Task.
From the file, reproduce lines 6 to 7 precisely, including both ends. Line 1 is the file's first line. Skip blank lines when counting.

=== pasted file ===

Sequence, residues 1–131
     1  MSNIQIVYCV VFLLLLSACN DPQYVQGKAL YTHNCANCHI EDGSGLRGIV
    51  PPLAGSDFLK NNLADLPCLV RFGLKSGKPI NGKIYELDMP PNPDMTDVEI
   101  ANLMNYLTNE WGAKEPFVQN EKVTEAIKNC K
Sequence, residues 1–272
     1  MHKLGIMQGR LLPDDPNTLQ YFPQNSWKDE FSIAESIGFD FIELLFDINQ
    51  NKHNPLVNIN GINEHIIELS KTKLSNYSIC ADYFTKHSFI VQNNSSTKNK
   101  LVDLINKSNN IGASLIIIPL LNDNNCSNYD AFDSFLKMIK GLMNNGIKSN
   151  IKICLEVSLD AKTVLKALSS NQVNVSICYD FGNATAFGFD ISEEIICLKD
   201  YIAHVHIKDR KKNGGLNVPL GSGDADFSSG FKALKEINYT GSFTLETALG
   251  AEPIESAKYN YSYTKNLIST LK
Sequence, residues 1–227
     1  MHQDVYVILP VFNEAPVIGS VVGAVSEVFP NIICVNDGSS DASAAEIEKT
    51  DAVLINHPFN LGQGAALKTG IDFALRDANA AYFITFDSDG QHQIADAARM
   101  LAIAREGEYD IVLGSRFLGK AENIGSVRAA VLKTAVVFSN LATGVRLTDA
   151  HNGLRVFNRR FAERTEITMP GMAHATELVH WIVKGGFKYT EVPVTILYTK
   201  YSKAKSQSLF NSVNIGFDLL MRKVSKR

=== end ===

     1  MHKLGIMQGR LLPDDPNTLQ YFPQNSWKDE FSIAESIGFD FIELLFDINQ
    51  NKHNPLVNIN GINEHIIELS KTKLSNYSIC ADYFTKHSFI VQNNSSTKNK